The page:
Our BFG

Arsenal’s regular players are natives of England, France, Spain, Czech Republic, Poland, Colombia, Chile, Wales, and Germany. The “G” in BFG stands for German. Last season, Arsenal had three regular team players that are natives of Germany: Lukas Podoloski (recently sold), Mesut Ozil, and Per Mertesacker.

Only one of them is our BFG. “B” stands for big. Diehard Arsenal fans knew immediately when they saw the title who this post was about. If you happen not to be so familiar, the three German Arsenal players appear below.  See if you can guess which one is our BFG.

The
The “Gs”: Podolski, Ozil, Mertesacker (www.independent.co.uk)

That’s right: Our BFG is Per Mertesacker. At 6′ 5″, he’s one big dude no matter where he comes from.

So BFG = Big _______ German.

I’ll let you work out what the “F” stands for. There will be no pictures to help you.

Mertesacker joined Arsenal in 2011 from Breman, a German club. He joined during a tough period. Arsenal sold Emmanual Eboue that summer. We lost our captain and creative midfielder Cesc Fabregas. He returned to his boyhood club, Barcelona, after an agonizing period of rumormongering and for a price probably unworthy of his skill. We also lost Gael Clichy and Samir Nasri to Manchester City. (Good riddance, we can say in retrospect, although their departures certainly left a gap.) And into the club, we got Carl Jenkinson, Gervinho, Park Chu-Young, Mikel Arteta, Andre Santos, and Mertesacker.

Of those, Arteta and Mertesacker immediately proved their worth, providing much needed stability and maturity, and both remain a critical part of the team. Except for Jenkinson, who may yet become a key contributor, the others are long gone.

That we needed a centerback that summer was clear. We had a good but frequently injured centerback in Thomas Vermaelen, and we’d had to play a young Johan Djourou at the position in an early-season 8-2 tonking by Manchester United, along with some other young players (including a teenaged Carl Jenkinson). It had been rumored that Arsenal were interested in Gary Cahill, an English player playing for Bolton Wanderers. Bolton had presumably established a market price of 12 million pounds for Cahill to which Arsenal supposedly made a bid of 8 million pounds for his services. Bolton manager Owen Coyle found it not even good enough to be considered “derisory.” Cahill ended up at Chelsea that year. Meanwhile, German club Breman accepted a 8 million pound bid for the sale of Mertesacker, then 27. Acquiring heavily-experienced German National team player Mertesacker at a similar price to the lesser experienced Cahill was a good piece of business for Arsenal. (It didn’t turn out badly for Cahill or Chelsea either, but that’s beside the point.)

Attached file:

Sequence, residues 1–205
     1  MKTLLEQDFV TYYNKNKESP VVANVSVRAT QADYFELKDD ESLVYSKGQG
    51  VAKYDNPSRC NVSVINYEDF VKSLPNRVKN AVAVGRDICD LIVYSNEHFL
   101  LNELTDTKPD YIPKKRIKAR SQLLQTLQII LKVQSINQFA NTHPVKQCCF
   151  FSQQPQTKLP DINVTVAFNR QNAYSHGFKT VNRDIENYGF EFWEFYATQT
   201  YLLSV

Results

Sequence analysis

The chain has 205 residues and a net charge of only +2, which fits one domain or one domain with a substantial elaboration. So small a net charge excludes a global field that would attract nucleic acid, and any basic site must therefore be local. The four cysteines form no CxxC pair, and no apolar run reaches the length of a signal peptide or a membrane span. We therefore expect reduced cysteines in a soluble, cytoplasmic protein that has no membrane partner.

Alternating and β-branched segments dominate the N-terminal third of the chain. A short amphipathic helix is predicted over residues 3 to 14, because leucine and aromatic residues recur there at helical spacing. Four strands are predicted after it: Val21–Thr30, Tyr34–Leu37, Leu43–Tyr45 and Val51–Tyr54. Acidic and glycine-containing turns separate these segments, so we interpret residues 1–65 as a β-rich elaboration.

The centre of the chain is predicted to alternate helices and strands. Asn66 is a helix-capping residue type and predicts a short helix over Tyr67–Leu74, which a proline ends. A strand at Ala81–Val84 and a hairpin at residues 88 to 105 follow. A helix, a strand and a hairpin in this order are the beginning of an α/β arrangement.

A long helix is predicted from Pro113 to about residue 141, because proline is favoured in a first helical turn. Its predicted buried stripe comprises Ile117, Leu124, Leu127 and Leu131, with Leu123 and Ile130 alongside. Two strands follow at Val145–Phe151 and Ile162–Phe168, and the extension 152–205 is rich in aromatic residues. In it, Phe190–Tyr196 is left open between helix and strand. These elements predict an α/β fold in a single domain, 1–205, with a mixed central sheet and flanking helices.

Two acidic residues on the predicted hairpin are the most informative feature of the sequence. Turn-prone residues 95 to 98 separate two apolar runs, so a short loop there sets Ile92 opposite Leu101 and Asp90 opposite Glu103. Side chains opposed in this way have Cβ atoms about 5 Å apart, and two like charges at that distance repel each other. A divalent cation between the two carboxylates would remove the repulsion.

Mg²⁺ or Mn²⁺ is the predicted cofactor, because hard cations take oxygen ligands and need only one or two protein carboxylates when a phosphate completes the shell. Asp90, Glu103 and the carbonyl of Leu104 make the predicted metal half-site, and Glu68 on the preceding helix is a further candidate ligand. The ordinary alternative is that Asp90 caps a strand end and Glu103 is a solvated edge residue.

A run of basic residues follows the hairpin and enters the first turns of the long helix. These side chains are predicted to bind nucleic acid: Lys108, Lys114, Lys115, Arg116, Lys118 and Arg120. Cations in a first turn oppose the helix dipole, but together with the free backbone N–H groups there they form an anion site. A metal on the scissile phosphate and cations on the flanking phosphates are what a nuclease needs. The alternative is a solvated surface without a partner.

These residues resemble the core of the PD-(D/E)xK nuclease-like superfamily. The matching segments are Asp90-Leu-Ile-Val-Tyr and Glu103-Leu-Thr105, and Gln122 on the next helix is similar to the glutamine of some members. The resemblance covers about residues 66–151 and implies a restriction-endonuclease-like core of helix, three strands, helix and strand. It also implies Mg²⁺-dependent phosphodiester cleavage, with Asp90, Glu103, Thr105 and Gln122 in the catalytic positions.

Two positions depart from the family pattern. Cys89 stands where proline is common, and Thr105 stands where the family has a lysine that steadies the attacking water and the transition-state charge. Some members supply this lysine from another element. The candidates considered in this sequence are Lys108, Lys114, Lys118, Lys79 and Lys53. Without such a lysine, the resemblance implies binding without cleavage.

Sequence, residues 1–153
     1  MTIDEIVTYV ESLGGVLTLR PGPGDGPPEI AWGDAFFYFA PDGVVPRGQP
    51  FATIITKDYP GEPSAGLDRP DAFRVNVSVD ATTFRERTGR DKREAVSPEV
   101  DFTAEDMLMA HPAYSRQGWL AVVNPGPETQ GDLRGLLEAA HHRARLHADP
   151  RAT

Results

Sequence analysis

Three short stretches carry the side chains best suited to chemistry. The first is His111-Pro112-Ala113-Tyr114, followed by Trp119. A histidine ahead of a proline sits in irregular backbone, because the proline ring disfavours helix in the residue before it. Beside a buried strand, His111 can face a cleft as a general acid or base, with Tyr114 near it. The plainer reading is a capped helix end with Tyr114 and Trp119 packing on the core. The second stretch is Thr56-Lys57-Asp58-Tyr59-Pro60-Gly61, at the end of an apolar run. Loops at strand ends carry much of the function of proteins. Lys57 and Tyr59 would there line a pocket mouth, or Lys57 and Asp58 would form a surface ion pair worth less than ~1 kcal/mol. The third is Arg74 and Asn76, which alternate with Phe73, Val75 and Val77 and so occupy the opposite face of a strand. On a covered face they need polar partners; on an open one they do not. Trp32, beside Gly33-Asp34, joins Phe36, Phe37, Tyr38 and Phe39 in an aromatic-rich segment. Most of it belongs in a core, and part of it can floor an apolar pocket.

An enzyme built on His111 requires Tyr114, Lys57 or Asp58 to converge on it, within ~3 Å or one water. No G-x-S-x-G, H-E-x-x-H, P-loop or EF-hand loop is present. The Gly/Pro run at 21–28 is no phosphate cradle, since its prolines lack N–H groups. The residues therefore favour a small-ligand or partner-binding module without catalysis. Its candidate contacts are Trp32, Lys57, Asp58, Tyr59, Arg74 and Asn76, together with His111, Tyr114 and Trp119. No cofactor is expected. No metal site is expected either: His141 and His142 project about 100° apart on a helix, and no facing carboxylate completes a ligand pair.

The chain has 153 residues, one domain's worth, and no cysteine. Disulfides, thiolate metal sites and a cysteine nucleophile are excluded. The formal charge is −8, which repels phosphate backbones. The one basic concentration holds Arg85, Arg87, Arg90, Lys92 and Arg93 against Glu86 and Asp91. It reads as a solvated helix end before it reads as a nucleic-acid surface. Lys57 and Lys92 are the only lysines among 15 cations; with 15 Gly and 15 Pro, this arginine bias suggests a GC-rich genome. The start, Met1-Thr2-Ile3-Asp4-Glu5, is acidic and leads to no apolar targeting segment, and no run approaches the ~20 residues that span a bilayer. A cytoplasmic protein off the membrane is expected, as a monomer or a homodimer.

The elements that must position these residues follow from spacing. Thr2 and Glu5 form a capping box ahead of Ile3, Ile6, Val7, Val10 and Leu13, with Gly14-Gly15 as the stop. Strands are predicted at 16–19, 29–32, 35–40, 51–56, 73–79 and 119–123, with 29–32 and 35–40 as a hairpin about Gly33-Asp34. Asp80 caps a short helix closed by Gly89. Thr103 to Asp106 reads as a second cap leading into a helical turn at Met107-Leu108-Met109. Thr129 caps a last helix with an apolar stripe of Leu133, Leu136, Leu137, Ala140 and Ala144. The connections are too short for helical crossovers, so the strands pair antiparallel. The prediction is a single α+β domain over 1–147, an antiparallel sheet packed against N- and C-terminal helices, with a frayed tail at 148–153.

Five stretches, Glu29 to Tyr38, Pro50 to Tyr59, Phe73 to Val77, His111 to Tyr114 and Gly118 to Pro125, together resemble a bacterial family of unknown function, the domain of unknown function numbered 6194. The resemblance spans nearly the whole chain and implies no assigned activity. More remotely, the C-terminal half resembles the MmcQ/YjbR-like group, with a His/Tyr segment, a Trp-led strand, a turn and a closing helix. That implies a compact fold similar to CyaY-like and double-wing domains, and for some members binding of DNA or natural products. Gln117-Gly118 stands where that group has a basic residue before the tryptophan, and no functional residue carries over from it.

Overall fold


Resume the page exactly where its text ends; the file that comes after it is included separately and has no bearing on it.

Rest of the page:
At first, I was none too sure about Mertesacker. He seemed (and was/is) slow. He belabored passes, always safe. But over time it became clear that he had quickly become a stabilizing force, a leader, and a necessary cog in the wheel. His intelligence and positioning became hallmarks of his play. He formed such a tremendous partnership with Frenchman Laurent Koscielny that they became know as Mertecielny, the two-headed central defence.

He also became much beloved by the fans for his good natured, positive attitude.

His famous nickname was established no sooner than he entered the field of play the first game after his transfer. The fans began singing loudly “Big ______ German, We’ve got a big ________ German!” Mertesacker has admitted that at first he was taken aback.

‘I didn’t really know what they were singing at first, I was frightened at the start because of the F-word.

My first impression on that was not good. But I finally got it. A German journalist told me they quite like me. They have always tried to get on with me.’

He loves the name now, has even created a t-shirt fans can buy to support his charity, Per Mertesacker Stiftung, which supports socially disadvantaged children.

From Per Mertesacker's Facebook page
From Per Mertesacker’s Facebook page

The video below offers an amusing and clean take on Mertesacker’s famous nickname, produced on Arsenal.com for Christmas.

Mertesacker retired from the German national team following its 2014 World Cup win, having competed more than 100 times for the team. This will allow him to focus exclusively on his club career with Arsenal and hopefully help keep him injury free. At 30, he still probably has at least a few more good years left in his BFG legs.

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